Pil­grims, tourists climb St. Pa­trick’s moun­tain

China Daily (Canada) - - FRONT PAGE - By AS­SO­CI­ATED PRESS in­West­port, Ire­land

Shrouded in mist, the sa­cred moun­tain rises above the coun­try­side, ma­jes­tic, mys­te­ri­ous and a lit­tle fore­bod­ing.

Here, on this rocky west-coast promon­tory over­look­ing the At­lantic, St. Pa­trick is said to have fasted for 40 days and nights as he wres­tled with demons and ban­ished snakes from Ire­land.

Ev­eryMarch 17, the world throws a lav­ish cel­e­bra­tion for the fifth-cen­tury preacher who tramped around Ire­land con­vert­ing its peo­ple and leav­ing tales of end­less mir­a­cles along the way. Rev­el­ers around the globe slurp green beer, host pa­rades and wear silly hats.

But those who truly want to honor the pa­tron saint come to Croagh Pa­trick, a re­mote, rugged moun­tain in Coun­tyMayo, which­drawsoveramil­lion pil­grims and tourists each year.

El­ders and chil­dren, believ­ers and hik­ers, tourist­sand­lo­cals. Th­ey­come with walk­ing sticks and hik­ing boots, guide­books and rosary beads. They come for the sweep­ing views of Clew Bay, for the fresh air and ca­ma­raderie, for a day of fun— and penance.

Trekking­tothe­sum­mitinthe­saint’s foot­steps, some climb in their bare feet, paus­ing at three “sta­tions” along the way to re­cite a se­ries of prayers. Thereisas­mal­lorato­ry­on­the­sum­mit where Mass is cel­e­brated on cer­tain feast days and on the last Sun­day in July—“Reek Sun­day”— tra­di­tion­ally the holi­est day to climb, when up to 30,000 vis­i­tors flock to the slopes.

“I do it for the graces it gives me all year,” says Pa­trick Breen, 51, of Athlone, as he be­gan his de­scent last July, his bare feet bruised and swollen af­ter sev­eral hours on the moun­tain. “It’s a gift— a beau­ti­ful gift.”

All around, thick Ir­ish brogues min­gled with lan­guages and ac­cents from around the world. A fam­ily of four from Colorado huffed up the fi­nal leg, the fa­ther cel­e­brat­ing his 55th birth­day, his teenage daugh­ter dreaming of the spa that awaited when they got back to their ho­tel. They passed a trio of 20-some­thing Gyp­sies from County Ca­van, hik­ing bare­foot in honor of two tod­dlers from their com­mu­nity who had drowned in a lake ear­lier in the sum­mer. A Ger­man tourist with a back­pack helped his mother scale the rocks. A young English­woman wig­gled her pink toe­nails and boasted about climb­ing bare­foot just to prove to her boyfriend that “fancy toes” could do it. An older Pol­ish cou­ple pic­nicked at the sum­mit with ham sand­wiches and flasks of hot tea.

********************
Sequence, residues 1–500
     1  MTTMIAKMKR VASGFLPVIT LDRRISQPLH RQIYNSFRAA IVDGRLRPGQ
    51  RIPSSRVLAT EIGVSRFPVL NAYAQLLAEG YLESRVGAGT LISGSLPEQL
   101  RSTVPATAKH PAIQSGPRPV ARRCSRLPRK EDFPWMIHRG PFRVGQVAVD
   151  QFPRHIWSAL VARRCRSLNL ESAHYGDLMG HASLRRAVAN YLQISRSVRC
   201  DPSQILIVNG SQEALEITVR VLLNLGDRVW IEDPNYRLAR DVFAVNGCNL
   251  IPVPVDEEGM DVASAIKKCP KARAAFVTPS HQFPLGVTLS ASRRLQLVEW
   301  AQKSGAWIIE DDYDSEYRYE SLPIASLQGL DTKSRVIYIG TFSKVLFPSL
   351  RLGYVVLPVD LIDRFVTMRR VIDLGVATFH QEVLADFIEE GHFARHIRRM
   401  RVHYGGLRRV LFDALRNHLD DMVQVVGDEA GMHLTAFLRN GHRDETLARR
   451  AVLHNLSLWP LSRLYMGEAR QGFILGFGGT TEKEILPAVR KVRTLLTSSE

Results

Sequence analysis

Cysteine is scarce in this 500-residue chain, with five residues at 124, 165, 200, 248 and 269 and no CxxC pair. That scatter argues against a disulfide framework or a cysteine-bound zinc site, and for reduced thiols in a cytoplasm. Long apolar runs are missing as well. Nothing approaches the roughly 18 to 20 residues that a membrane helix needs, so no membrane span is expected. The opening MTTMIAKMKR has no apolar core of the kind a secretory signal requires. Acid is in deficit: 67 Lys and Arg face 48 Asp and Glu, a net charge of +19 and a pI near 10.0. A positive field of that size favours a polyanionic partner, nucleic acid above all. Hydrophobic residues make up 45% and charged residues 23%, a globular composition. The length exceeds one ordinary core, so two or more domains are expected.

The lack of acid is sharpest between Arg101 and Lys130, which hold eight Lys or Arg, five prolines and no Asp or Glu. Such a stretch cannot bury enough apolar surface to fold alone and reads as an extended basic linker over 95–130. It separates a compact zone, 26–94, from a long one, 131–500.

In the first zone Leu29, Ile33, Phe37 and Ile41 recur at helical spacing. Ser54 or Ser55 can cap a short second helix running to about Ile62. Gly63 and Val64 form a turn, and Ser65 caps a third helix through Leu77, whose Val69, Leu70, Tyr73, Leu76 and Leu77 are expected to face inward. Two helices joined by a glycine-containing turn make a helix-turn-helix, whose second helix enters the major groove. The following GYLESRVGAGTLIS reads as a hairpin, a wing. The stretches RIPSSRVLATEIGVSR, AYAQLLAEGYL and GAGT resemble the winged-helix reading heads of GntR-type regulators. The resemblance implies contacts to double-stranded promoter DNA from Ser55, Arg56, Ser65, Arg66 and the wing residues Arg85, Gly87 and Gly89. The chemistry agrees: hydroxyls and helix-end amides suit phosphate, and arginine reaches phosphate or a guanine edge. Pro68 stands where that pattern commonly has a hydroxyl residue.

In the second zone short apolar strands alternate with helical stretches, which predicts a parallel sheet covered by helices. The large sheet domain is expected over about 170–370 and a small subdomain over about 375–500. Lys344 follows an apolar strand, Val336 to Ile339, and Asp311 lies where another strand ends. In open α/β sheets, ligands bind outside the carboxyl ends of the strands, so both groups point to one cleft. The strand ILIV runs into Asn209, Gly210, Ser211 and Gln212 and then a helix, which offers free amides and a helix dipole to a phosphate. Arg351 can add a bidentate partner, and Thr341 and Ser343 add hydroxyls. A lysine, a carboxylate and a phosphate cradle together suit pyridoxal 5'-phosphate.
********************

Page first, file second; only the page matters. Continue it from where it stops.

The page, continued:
Although the moun­tain is just 764 me­ters high, even sea­soned hik­ers are sur­prised by its steep­ness and dif­fi­culty. Over the years, climbers have eroded the orig­i­nal trail, so what re­mains is rocky, un­for­giv­ing and of­ten slip­pery ter­rain. The last leg, be­fore the sum­mit, is a for­mi­da­ble cliff of rolling rocks and shale known as “the scree”. Ca­su­al­ties are com­mo­nand ev­ery year lo­cal res­cue squads air­lift nu­mer­ous in­jured climbers from the slopes.

But that doesn’t de­ter pil­grims, who have been flock­ing to the site since an­cient times. Long be­forePa­trick, the Celts cel­e­brated the har­vest fes­ti­val of Lughnasa here, be­gin­ning in early Au­gust. The sa­cred moun­tain was con­sid­ered es­pe­cially im­por­tant for women who would sleep on the sum­mit dur­ing Lughnasa to en­cour­age fer­til­ity.

To­day St. Pa­trick is big busi­ness in the area with dozens of Pa­tri­cian stat­ues, holy wells and shrines. West­port, a pretty port town about 10 kilo­me­ters from the moun­tain, is filled with stores sell­ing Pa­trick me­mora­bilia and the wooden staffs that are ubiq­ui­tous on the moun­tain. (West­port was also home to 16th-cen­tury pirate queen, Grace O’Mal­ley, who vies with Pa­trick for lo­cal at­ten­tion and lore.)

Nine­teen kilo­me­ters from West­port is Ballintub­ber Abbey, where Pa­trick founded a church and bap­tized his ear­li­est con­verts. The present abbey has been in daily use as a church for near­ly800years. Ballintub­ber also marks the be­gin­ning of an an­cient pil­grim­age route (now called Tochar Phadraig) that winds for 35kmover hill­sand­fields, end­ing at Croagh Pa­trick. Along the way, pil­grims pass a round tower, a holy well and a raised stone carved with Ne­olithic cir­cles called St. Pa­trick’s Chair.

But it is the moun­tain that re­mains the big draw for pil­grims and tourists alike. At al­most any time of the day, any time of the year, it is pos­si­ble to make out a steady stream of climbers in the dis­tance, inch­ing their way to­ward the sum­mit, hunched over their wooden crooks, lit­tle specks of hu­man­ity dis­ap­pear­ing into the mist.

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